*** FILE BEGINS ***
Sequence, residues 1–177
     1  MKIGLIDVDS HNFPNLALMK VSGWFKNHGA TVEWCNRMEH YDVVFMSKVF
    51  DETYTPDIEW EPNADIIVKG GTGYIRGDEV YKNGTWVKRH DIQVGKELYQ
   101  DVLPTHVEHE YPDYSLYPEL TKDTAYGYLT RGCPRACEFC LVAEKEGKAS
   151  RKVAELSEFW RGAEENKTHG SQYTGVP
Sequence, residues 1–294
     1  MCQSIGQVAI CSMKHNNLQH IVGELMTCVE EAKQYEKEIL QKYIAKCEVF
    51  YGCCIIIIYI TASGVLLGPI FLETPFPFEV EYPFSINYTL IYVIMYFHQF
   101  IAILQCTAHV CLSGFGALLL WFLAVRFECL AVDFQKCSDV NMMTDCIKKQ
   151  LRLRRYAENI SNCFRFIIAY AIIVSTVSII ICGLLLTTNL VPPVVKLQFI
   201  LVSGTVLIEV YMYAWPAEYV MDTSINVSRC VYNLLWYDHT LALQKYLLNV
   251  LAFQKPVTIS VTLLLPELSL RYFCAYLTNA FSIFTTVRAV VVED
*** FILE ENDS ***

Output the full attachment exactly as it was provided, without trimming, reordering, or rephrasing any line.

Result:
Sequence, residues 1–177
     1  MKIGLIDVDS HNFPNLALMK VSGWFKNHGA TVEWCNRMEH YDVVFMSKVF
    51  DETYTPDIEW EPNADIIVKG GTGYIRGDEV YKNGTWVKRH DIQVGKELYQ
   101  DVLPTHVEHE YPDYSLYPEL TKDTAYGYLT RGCPRACEFC LVAEKEGKAS
   151  RKVAELSEFW RGAEENKTHG SQYTGVP
Sequence, residues 1–294
     1  MCQSIGQVAI CSMKHNNLQH IVGELMTCVE EAKQYEKEIL QKYIAKCEVF
    51  YGCCIIIIYI TASGVLLGPI FLETPFPFEV EYPFSINYTL IYVIMYFHQF
   101  IAILQCTAHV CLSGFGALLL WFLAVRFECL AVDFQKCSDV NMMTDCIKKQ
   151  LRLRRYAENI SNCFRFIIAY AIIVSTVSII ICGLLLTTNL VPPVVKLQFI
   201  LVSGTVLIEV YMYAWPAEYV MDTSINVSRC VYNLLWYDHT LALQKYLLNV
   251  LAFQKPVTIS VTLLLPELSL RYFCAYLTNA FSIFTTVRAV VVED